# 4.4: Vectors, Lists and Functions: \(\mathbb{R}^{S}\)

- Page ID
- 1864

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Suppose you are going shopping. You might jot down something like this on a piece of paper:

We could represent this information mathematically as a set, $$S=\{\rm apple, orange, onion, milk, carrot\}\, .$$

There is no information of ordering here and no information about how many carrots you will buy. This set by itself is not a vector; how would we add such sets to one another?

If you were a more careful shopper your list might look like this:

What you have really done here is assign a number to each element of the set \(S\). In other words, the second list is a function

$$

f:S\longrightarrow {\mathbb R}\, .

$$

Given two lists like the second one above, we could easily add them -- if you plan to buy 5 apples and I am buying 3 apples, together we will buy 8 apples! In fact, the second list is really a 5-vector in disguise.

In general it is helpful to think of an \(n\)-vector as a function whose domain is the set \(\{1,\dots,n\}\). This is equivalent to thinking of an \(n\)-vector as an ordered list of \(n\) numbers. These two ideas give us two equivalent notions for the set of all \(n\)-vectors:

$$

{\mathbb{R}}^{n} :=\left\{ \begin{pmatrix}a^{1} \\ \vdots \\ a^{n}\end{pmatrix} \middle\vert \, a^{1},\dots a^{n} \in \mathbb{R} \right\}

=\{ a:\{1,\dots,n\}\to \mathbb{R}\} := \mathbb{R}^{ \{1,\cdots,n\} }

$$

The notation \(\mathbb{R}^{ \{1,\cdots,n\} }\) is used to denote functions from \(\{1,\dots,n\}\) to \(\mathbb{R}\). Similarly, for any set \(S\) the notation \(\mathbb{R}^{S}\) denotes the set of functions from \(S\) to \(\mathbb{R}\):

$$

\mathbb{R}^{S}:=\{ f:S\to \mathbb {R}\}\, .

$$

When \(S\) is an ordered set like \(\{1,\dots,n\}\), it is natural to write the components in order. When the elements of \(S\) do not have a natural ordering, doing so might cause confusion.

Example 48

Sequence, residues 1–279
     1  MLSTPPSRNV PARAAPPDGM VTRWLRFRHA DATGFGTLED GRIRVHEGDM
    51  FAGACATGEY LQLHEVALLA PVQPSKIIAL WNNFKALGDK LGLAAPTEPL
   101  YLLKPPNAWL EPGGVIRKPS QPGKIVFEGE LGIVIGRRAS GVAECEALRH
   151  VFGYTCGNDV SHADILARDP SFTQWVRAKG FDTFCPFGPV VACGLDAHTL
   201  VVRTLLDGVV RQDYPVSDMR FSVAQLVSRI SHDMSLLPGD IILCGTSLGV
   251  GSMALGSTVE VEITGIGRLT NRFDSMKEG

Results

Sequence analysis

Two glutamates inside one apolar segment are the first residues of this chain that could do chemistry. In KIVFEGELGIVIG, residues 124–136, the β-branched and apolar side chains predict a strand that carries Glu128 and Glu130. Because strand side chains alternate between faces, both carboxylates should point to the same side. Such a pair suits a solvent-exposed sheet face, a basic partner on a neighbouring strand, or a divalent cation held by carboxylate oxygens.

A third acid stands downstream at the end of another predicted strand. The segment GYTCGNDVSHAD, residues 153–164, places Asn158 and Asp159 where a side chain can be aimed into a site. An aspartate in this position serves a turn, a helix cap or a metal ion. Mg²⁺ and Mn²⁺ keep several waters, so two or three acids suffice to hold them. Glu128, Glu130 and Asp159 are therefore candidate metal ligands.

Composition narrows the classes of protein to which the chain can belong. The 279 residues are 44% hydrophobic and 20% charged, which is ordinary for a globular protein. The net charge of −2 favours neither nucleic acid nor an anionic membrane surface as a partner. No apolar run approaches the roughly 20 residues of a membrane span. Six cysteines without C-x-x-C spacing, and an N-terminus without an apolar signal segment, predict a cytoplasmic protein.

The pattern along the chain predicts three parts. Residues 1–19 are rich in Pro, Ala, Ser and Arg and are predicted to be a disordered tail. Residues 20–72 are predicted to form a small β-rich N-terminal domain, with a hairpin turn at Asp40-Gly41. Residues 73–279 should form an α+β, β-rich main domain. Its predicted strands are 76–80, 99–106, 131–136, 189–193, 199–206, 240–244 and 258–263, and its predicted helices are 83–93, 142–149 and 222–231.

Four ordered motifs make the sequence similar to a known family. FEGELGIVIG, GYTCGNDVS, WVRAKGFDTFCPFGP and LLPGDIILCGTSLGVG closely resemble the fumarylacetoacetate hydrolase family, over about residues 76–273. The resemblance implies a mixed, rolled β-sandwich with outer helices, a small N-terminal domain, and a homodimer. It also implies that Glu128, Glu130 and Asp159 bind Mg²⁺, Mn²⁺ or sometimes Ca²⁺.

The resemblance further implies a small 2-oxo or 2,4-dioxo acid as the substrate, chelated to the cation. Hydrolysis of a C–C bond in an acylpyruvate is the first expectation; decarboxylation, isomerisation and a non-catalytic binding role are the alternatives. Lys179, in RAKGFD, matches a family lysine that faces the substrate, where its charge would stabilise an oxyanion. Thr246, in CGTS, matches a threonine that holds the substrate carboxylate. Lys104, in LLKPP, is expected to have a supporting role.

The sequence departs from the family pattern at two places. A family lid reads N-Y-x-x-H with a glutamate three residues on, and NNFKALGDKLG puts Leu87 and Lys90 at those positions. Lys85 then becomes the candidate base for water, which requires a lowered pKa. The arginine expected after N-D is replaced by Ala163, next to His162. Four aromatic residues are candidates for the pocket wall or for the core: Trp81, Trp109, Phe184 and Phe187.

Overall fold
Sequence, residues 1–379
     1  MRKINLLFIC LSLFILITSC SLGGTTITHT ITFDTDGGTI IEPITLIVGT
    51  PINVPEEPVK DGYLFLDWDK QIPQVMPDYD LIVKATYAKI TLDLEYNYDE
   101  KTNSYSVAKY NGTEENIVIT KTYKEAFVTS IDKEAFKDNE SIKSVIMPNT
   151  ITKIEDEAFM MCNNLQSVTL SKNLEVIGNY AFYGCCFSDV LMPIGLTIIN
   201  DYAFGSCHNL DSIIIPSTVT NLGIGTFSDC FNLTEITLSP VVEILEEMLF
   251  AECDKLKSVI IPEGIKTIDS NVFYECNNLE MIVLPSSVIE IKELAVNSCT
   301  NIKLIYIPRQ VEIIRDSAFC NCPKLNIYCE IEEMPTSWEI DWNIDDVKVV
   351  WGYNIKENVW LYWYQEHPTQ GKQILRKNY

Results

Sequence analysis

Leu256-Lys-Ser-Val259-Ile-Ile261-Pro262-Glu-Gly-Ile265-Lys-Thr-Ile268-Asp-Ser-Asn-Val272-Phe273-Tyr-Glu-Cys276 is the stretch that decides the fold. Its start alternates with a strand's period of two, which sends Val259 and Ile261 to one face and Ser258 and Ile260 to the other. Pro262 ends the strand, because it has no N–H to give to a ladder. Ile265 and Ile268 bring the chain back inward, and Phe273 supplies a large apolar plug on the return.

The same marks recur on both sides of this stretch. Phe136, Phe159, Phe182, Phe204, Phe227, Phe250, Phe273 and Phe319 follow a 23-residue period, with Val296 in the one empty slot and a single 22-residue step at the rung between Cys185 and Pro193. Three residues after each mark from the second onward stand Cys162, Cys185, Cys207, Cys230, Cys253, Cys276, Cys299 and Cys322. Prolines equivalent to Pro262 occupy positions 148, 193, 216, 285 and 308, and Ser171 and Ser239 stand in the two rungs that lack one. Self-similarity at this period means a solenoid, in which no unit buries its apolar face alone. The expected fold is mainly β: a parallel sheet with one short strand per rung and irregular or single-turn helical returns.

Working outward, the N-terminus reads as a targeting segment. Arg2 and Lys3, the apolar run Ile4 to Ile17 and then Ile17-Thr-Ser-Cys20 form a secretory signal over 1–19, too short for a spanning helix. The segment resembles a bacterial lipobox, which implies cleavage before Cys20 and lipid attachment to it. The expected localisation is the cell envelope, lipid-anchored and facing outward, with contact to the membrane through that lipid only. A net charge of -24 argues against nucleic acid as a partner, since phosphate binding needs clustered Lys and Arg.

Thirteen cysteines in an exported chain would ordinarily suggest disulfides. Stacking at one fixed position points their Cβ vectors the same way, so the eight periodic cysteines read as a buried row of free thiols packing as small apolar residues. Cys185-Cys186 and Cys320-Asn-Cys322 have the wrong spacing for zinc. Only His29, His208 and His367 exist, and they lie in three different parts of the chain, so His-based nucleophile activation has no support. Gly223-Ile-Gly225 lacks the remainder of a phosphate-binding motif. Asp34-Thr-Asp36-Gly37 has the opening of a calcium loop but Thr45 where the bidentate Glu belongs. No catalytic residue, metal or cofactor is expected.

Consider the set \(S=\{*, \star, \# \}\) from chapter 1 review problem 9. A particular element of \(\mathbb{R}^{S}\) is the function \(a\) explicitly defined by

$$ a^{\star}=3, a^{\#}=5, a^{*}=-2.$$

It is not natural to write

$$

a=\begin{pmatrix}3 \\ 5 \\ -2\end{pmatrix} ~{\rm or} ~a=\begin{pmatrix}-2\\ 3 \\ 5\end{pmatrix}

$$

because the elements of \(S\) do not have an ordering, since as sets \(\{*, \star, \# \}=\{*,\star,\#\}\).

In this important way, \(\mathbb{R}^{S}\) seems different from \(\mathbb{R}^{3}\). What is more evident are the similarities; since we can add two functions, we can add two elements of \(\mathbb{R}^{S}\):

**Example 49 **Addition in \(\mathbb{R}^{S}\)

If \(a^{\star}=3, a^{\#}=5, a^{*}=-2\) and \(b^{\star}=-2, b^{\#}=4, b^{*}=13\)

then \(a+b\) is the function

$$(a+b)^{\star}=3-2=1, (a+b)^{\#}=5+4=9, (a+b)^{*}=-2+13=11\, .$$

Also, since we can multiply functions by numbers, there is a notion of scalar multiplication on \(\mathbb{R}^{S}\):

**Example 50 **Scalar Multiplication in \(\mathbb{R}^{S}\)

If \(a^{\star}=3, a^{\#}=5, a^{*}=-2\),

then \(3a\) is the function

$$(3a)^{\star}=3\cdot3=9, (3a)^{\#}=3\cdot5=15, (3a)^{*}=3(-2)=-6\, .$$

We visualize \(\mathbb{R}^{2}\) and \(\mathbb{R}^{3}\) in terms of axes. We have a more abstract picture of \(\mathbb{R}^{4}\), \(\mathbb{R}^{5}\) and \(\mathbb{R}^{n}\) for larger \(n\) while \(\mathbb{R}^{S}\) seems even more abstract. However, when thought of as a simple "shopping list'', you can see that vectors in \(\mathbb{R}^{S}\) in fact, can describe everyday objects. In chapter 5 we introduce the general definition of a vector space that unifies all these different notions of a vector.

### Contributor

David Cherney, Tom Denton, and Andrew Waldron (UC Davis)